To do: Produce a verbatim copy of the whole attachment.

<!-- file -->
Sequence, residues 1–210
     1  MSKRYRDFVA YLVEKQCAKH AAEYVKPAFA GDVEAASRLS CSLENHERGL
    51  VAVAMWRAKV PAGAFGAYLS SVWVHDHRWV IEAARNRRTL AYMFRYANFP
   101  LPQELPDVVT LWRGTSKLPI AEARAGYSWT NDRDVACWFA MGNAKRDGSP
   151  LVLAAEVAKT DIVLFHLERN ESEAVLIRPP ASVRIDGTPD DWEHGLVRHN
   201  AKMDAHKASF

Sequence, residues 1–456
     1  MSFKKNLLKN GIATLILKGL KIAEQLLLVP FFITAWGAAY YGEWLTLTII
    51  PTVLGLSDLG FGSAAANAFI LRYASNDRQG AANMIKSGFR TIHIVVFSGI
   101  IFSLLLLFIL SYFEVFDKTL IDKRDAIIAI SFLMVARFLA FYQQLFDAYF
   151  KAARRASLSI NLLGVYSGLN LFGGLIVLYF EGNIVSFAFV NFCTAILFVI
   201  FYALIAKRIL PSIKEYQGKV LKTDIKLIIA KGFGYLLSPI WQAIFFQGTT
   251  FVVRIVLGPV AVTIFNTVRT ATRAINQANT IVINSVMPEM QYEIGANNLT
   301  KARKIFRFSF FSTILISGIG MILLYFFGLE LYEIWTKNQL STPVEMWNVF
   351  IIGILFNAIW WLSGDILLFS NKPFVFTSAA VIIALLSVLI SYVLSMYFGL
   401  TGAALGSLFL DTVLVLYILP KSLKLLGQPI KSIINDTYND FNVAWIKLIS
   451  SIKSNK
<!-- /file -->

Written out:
Sequence, residues 1–210
     1  MSKRYRDFVA YLVEKQCAKH AAEYVKPAFA GDVEAASRLS CSLENHERGL
    51  VAVAMWRAKV PAGAFGAYLS SVWVHDHRWV IEAARNRRTL AYMFRYANFP
   101  LPQELPDVVT LWRGTSKLPI AEARAGYSWT NDRDVACWFA MGNAKRDGSP
   151  LVLAAEVAKT DIVLFHLERN ESEAVLIRPP ASVRIDGTPD DWEHGLVRHN
   201  AKMDAHKASF

Sequence, residues 1–456
     1  MSFKKNLLKN GIATLILKGL KIAEQLLLVP FFITAWGAAY YGEWLTLTII
    51  PTVLGLSDLG FGSAAANAFI LRYASNDRQG AANMIKSGFR TIHIVVFSGI
   101  IFSLLLLFIL SYFEVFDKTL IDKRDAIIAI SFLMVARFLA FYQQLFDAYF
   151  KAARRASLSI NLLGVYSGLN LFGGLIVLYF EGNIVSFAFV NFCTAILFVI
   201  FYALIAKRIL PSIKEYQGKV LKTDIKLIIA KGFGYLLSPI WQAIFFQGTT
   251  FVVRIVLGPV AVTIFNTVRT ATRAINQANT IVINSVMPEM QYEIGANNLT
   301  KARKIFRFSF FSTILISGIG MILLYFFGLE LYEIWTKNQL STPVEMWNVF
   351  IIGILFNAIW WLSGDILLFS NKPFVFTSAA VIIALLSVLI SYVLSMYFGL
   401  TGAALGSLFL DTVLVLYILP KSLKLLGQPI KSIINDTYND FNVAWIKLIS
   451  SIKSNK